Capital gains basis planning is an attempt to increase the basis in a property so that when it’s sold, there’ll be less capital gains tax to pay. We know under the tax code, at least as it’s currently written, when someone dies, the basis will be adjusted to fair market value at the date of death. The question is whether or not we can increase basis during lifetime. Sales between family members when arm’s length can also increase basis in the hands of the purchaser. If that purchaser is a trust established by the donor or the senior generation, then it may be possible to sell that property without recognizing any further gain.
Note: The Tax Cut and Jobs Act of 2017 signed into law in December 2017 increased the exemption amounts mentioned in these videos. The personal estate, gift, and generation-skipping tax lifetime exemption was increased to $11.18 million per person. The annual gift tax exclusion was increased to $15,000 per donee per year.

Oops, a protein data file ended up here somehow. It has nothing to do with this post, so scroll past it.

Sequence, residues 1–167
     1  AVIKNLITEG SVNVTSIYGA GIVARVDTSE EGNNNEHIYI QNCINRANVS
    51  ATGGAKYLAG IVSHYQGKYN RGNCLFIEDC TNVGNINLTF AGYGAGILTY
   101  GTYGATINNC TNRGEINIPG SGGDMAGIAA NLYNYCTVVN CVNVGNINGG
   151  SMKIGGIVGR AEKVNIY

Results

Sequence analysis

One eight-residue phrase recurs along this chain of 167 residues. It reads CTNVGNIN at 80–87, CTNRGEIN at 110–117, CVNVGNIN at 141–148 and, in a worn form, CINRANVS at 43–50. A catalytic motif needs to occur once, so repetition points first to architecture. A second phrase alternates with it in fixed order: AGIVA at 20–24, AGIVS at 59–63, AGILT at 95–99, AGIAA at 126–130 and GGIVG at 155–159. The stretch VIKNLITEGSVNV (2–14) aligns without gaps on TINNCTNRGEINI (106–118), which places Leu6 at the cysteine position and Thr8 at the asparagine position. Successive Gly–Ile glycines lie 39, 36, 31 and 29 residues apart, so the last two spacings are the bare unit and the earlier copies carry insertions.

Both amounts are indexed for inflation and may increase year over year until December 31, 2025, when the law sunsets and reverts to 2017 values